There are currently some 295 Catholic priests, 40 deacons, and 530 nuns in the country, less than half the total prior to 1960. The Government allowed some foreign priests and nuns to enter the country, but applications of 60 priests and 130 nuns remain pending. Overall numbers of church officials are only slightly higher than before the Papal visit, since most new arrivals replaced retiring priests or those whose time of service in the country had ended. During the first 6 months of 2000, the Government did not extend the visa requests of two priests, one in Havana and another in Santiago de Cuba, and the priests were forced to leave the country.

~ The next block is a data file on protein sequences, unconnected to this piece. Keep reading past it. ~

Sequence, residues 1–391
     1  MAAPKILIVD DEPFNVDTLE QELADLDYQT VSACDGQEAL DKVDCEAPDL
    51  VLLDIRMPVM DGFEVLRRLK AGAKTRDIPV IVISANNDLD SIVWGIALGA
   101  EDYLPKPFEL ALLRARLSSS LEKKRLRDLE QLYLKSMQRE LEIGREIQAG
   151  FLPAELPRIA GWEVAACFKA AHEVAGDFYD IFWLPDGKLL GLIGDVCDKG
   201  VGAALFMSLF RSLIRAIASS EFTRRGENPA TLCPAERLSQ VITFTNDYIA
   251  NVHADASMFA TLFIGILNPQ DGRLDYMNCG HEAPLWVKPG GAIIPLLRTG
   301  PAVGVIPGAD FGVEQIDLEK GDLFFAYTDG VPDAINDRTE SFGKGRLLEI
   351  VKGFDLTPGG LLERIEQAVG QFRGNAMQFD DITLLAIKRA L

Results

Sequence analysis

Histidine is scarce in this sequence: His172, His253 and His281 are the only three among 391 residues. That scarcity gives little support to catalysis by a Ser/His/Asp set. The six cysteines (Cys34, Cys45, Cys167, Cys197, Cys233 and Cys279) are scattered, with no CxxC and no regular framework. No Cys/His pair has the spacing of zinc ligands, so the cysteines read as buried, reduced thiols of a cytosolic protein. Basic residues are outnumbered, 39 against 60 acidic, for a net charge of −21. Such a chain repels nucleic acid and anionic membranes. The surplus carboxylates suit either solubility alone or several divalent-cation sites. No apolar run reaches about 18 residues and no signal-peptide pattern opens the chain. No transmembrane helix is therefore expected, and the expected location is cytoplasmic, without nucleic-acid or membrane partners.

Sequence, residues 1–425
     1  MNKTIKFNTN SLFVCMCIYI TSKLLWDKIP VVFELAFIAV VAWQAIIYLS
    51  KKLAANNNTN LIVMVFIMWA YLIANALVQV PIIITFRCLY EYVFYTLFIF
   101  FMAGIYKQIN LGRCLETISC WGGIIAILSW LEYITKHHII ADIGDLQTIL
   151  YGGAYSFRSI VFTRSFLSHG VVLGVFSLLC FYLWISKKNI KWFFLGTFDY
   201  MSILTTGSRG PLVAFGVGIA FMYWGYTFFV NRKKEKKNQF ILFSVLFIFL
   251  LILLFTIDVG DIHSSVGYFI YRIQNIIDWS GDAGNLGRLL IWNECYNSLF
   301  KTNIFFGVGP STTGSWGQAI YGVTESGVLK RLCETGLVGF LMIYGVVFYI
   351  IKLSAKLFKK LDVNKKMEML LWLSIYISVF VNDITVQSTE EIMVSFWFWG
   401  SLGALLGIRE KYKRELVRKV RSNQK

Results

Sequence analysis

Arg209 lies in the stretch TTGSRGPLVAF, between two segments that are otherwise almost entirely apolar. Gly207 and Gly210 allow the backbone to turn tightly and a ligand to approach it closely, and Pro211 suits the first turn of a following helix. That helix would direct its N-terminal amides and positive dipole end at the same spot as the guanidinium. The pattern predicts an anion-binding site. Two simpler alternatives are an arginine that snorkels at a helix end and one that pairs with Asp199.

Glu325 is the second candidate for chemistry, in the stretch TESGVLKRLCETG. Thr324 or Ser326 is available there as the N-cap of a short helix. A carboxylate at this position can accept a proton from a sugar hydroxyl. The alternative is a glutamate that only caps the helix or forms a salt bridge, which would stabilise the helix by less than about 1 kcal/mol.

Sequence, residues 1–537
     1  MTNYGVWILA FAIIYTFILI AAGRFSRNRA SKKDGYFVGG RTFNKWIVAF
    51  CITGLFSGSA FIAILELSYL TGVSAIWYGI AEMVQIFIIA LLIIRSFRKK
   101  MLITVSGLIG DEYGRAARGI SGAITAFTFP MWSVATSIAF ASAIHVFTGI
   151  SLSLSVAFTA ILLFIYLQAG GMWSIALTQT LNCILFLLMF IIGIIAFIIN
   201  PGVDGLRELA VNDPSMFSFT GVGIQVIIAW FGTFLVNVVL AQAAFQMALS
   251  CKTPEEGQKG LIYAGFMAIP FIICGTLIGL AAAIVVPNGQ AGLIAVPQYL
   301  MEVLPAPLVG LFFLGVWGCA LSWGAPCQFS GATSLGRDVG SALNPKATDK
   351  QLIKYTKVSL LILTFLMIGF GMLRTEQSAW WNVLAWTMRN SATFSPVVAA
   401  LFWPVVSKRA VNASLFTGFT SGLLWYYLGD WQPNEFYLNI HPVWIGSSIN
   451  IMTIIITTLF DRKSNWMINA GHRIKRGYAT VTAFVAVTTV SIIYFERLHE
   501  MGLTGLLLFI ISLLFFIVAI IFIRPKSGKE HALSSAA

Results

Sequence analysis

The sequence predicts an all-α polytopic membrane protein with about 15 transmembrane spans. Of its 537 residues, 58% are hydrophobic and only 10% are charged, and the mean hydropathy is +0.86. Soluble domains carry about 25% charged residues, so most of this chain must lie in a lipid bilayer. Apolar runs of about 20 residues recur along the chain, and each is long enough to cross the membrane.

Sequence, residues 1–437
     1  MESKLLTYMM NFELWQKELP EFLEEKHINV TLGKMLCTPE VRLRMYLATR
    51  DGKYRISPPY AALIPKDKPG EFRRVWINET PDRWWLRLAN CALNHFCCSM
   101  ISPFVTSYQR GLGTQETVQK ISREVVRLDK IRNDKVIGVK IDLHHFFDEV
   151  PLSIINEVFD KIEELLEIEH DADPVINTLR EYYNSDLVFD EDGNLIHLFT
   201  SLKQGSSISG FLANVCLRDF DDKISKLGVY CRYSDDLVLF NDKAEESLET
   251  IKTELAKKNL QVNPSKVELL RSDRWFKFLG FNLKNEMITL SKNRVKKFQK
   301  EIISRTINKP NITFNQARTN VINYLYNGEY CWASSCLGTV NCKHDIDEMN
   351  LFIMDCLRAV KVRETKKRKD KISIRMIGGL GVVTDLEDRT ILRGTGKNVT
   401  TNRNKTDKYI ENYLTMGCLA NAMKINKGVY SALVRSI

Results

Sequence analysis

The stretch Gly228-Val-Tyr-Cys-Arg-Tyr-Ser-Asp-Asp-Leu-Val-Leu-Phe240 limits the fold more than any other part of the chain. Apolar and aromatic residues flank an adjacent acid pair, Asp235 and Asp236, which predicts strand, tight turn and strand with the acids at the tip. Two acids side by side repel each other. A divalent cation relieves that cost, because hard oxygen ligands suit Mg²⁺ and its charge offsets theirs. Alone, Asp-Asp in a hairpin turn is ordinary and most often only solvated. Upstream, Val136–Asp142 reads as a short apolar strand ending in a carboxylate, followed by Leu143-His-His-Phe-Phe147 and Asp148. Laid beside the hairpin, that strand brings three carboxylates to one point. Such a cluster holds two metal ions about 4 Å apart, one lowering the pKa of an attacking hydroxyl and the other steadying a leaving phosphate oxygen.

There were no reports of government pressure against the practice of santeria and other syncretistic Afro-Caribbean religions.
There was no change in the status of respect for religious freedom during the period covered by this report; the Pope's January 1998 visit did not lead to the level of change expected by many persons.
Forced Religious Conversion of Minor U.S. Citizens
There were no reports of the forced religious conversion of minor U.S. citizens who had been abducted or illegally removed from the United States, or of the Government's refusal to allow such citizens to be returned to the United States.
Section II. Societal Attitudes